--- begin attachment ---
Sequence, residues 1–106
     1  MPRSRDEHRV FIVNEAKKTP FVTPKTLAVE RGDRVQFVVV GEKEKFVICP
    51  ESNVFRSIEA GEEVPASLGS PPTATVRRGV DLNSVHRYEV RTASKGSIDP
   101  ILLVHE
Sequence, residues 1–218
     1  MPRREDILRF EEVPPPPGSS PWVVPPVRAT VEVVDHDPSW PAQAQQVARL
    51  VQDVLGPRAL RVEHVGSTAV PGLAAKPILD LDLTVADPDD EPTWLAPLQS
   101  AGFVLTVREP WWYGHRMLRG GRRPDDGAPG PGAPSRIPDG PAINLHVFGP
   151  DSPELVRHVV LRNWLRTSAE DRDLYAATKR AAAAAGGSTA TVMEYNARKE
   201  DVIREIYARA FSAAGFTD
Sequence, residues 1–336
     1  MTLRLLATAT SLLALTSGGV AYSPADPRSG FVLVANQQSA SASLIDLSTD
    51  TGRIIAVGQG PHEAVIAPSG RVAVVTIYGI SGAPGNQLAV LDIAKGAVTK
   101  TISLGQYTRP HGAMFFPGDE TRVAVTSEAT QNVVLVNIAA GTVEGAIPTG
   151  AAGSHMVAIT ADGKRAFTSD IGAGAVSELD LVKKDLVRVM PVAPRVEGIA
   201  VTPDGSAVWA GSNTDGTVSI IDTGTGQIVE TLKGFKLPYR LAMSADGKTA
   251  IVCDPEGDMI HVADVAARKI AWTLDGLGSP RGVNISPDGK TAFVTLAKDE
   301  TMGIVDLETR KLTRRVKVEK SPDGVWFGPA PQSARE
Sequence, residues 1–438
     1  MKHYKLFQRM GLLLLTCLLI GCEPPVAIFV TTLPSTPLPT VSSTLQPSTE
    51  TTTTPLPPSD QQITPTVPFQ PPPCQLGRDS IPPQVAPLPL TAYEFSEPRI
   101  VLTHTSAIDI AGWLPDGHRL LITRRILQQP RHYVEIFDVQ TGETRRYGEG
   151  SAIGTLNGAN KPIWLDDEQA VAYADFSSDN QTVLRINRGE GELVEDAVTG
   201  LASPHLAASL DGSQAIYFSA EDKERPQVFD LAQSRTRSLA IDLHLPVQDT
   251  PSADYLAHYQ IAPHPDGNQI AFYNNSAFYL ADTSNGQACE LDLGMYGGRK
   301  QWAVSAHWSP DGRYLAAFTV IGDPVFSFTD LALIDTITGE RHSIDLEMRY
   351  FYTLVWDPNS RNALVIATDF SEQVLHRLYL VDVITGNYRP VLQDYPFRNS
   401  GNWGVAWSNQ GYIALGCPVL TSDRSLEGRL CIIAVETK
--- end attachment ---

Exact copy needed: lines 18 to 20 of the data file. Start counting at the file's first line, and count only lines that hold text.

   301  TMGIVDLETR KLTRRVKVEK SPDGVWFGPA PQSARE
Sequence, residues 1–438
     1  MKHYKLFQRM GLLLLTCLLI GCEPPVAIFV TTLPSTPLPT VSSTLQPSTE